“Center” of the Universe – Explode your Arts Integration Lessons with Centers!

By |2018-03-11T08:52:48+00:00January 6th, 2011|

As a music teacher, I am constantly watching my fellow classroom teachers to see how they organize their classrooms, what the daily routine is and knowing what vernacular vocabulary is being used so that I can stay relevant with our students.  I want those students to make connections between their classroom and their arts classes so that they can complement each other and thereby make yet another connection.

 

After all, isn’t the whole purpose of education to make spiral learning the reality?  One thing I’ve noticed through the years is the intense use of centers within the content classes.  It allows for differentiated instruction, saves time and deepens meaning for many students.  My question to you is: are you using arts centers in your school?  If the answer is no, why not?

 

Providing Choice through Arts Centers

I have been using centers with much success for the past 6 years in my music classroom.  I differentiate groups at the beginning of the year, and usually switch them around 2-3 times a year.  Students know that on the first full week of the month, their music class will be using centers throughout the room.  The four centers are always the same – a melody center, a rhythmic center, a computer center and a reading/writing center.  Each month, the topics at the centers change in order to either review content from the past month or to prepare the students for what is to come.  As an example, this month’s centers for 2nd grade are as follows:

  1. Melody Center – students will create a song using handchimes in AB form.
  2. Rhythm Center – students will use half notes, whole notes, quarter notes and corresponding rests to create a rhythmic story on the drums.  Word syllables must match the note values students choose.
  3. Computer Center – students will create a song on Garageband that combines patterns and rests.
  4. Reading/Writing Center – students will compose a poem on their choice of subject in ABA form.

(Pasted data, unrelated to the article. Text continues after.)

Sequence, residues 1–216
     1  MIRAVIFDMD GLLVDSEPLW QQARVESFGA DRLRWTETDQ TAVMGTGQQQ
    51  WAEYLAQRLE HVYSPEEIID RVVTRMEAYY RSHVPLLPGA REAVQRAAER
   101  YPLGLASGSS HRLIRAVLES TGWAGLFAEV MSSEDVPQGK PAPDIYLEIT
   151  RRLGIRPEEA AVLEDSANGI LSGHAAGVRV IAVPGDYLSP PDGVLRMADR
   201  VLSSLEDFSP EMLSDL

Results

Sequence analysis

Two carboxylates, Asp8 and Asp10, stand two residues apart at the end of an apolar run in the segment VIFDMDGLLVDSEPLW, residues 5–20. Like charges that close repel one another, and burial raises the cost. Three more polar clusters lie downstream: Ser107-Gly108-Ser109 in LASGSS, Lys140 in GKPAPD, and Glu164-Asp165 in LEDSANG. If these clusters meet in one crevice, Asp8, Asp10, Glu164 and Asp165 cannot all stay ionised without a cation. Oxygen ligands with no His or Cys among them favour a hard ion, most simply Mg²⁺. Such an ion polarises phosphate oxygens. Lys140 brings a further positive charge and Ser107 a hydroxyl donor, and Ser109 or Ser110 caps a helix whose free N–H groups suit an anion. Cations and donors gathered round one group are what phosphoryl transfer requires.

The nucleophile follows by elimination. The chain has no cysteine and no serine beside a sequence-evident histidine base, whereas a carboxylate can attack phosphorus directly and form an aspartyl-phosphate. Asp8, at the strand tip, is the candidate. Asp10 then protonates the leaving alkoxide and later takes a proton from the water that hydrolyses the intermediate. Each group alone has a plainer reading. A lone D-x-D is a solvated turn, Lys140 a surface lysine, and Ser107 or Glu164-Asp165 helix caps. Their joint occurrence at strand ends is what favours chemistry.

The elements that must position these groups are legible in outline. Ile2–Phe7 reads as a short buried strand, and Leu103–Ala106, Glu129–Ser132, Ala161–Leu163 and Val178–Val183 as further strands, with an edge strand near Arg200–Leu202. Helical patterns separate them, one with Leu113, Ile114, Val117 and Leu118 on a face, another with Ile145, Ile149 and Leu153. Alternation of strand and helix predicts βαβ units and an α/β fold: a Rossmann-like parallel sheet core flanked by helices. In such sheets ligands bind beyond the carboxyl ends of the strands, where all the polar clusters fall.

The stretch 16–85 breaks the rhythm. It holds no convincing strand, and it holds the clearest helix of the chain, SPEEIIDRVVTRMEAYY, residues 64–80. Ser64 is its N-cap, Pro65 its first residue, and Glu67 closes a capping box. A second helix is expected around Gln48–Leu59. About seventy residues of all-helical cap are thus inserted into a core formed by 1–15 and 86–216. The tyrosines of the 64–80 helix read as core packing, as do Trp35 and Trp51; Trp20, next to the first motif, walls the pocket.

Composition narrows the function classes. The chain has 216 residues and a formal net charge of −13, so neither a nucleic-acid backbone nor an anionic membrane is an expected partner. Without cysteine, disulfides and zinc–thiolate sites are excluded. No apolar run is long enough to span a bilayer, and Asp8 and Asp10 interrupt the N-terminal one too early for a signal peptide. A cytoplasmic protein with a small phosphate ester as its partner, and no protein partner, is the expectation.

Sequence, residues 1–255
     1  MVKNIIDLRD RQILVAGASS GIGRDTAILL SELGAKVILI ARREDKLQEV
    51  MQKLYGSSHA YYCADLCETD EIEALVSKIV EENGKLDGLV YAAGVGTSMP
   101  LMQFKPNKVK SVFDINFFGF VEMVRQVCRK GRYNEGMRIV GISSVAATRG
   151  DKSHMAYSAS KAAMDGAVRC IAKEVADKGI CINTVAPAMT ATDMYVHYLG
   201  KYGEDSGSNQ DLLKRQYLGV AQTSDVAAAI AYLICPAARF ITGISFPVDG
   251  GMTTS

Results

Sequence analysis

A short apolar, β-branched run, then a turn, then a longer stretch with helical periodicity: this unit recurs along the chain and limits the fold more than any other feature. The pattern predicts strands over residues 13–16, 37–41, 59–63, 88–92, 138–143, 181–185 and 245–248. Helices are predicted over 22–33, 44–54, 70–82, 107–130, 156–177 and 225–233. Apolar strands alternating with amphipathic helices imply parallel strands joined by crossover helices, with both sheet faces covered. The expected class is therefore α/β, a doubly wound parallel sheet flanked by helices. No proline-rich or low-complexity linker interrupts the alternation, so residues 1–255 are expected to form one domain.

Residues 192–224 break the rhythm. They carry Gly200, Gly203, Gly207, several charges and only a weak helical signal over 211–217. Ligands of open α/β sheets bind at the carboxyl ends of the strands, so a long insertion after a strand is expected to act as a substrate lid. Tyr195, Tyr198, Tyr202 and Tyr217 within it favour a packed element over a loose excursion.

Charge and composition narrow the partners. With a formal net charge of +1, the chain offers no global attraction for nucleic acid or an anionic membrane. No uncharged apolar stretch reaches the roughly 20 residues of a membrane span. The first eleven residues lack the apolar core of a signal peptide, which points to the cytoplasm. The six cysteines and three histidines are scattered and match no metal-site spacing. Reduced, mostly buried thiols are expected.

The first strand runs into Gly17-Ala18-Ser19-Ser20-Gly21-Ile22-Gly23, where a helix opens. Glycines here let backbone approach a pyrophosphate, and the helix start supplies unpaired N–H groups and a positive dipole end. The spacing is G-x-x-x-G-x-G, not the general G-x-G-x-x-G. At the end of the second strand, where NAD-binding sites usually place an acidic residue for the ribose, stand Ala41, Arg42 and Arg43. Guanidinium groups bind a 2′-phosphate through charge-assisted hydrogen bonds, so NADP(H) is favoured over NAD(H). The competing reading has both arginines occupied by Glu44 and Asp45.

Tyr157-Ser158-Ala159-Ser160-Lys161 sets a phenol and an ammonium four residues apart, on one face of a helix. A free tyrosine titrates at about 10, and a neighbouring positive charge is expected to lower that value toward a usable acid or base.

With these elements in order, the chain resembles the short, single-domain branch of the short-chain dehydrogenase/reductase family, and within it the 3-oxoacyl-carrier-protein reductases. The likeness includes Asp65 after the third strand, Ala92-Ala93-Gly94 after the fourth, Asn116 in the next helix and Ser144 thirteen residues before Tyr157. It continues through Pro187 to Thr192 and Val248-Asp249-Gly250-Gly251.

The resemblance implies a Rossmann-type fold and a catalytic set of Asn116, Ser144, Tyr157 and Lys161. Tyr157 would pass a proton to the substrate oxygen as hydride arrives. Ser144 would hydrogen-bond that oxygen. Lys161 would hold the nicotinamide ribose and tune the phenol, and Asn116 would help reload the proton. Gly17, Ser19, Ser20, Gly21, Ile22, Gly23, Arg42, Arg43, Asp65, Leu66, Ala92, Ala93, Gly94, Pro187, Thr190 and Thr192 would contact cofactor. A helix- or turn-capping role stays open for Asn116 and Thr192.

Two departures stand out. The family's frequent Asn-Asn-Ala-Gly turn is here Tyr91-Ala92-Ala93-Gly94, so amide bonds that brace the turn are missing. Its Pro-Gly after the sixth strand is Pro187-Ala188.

Students go to the assigned center with their color group (red, brown, blue or green) and then rotate to each center.  I usually allot 7-8 minutes at each center.  For the upper grades, this means all four centers rotations in the hour time slot they are provided.  For the little kids, that means two rotations at each music class (I see them twice a week for 30 minutes each time).

 

The Impact of Centers

The impact of using arts centers is two-fold.  First, you’re making those connections back to the regular classroom through routine and differentiation.

Second, you’re able to incorporate content curriculum within each center as a result.  Students learn about fluency and genre through their poetry center.  Occasionally, we study music in historical contexts (like Holt’s The Planets) and the centers revolve around science and social studies.  This allows students to deepen their critical thinking on these subjects, while interweaving them with musical knowledge and discovery.

Now, let’s take this one step further – what if centers like this were designed for use in the content classrooms?  Think of the amazing possibilities for math and science centers.  The variations are almost immeasurable.  Let’s continue to learn from each other and see what other pathways we can create.  It’s an exciting world out there – but don’t forget about the center.  🙂

2 Comments

  1. Margaret July 20, 2011 at 5:50 am - Reply

    Hello There,

    I actually own a private music classroom and so at this moment creating a web blog to assist my students here http://readmusic.org

    Will you mind if My partner and I quote a couple of of your blog posts as long as I include recognition along with references back to your blogs? Our blog site is just in the exact similar area of interest as yours and our users would absolutely benefit from a lot of the information you provide in this article. Please let me know if this fine with you.

    Many thanks!

    • Susan Riley July 20, 2011 at 7:02 am - Reply

      Hi Margaret,
      Thanks for the kind compliments. PLEASE feel free to reference anything on this site that would be helpful to your students. I do appreciate you linking back here and providing the site as a reference. I’m glad that you found the site helpful – good luck in your endeavors!

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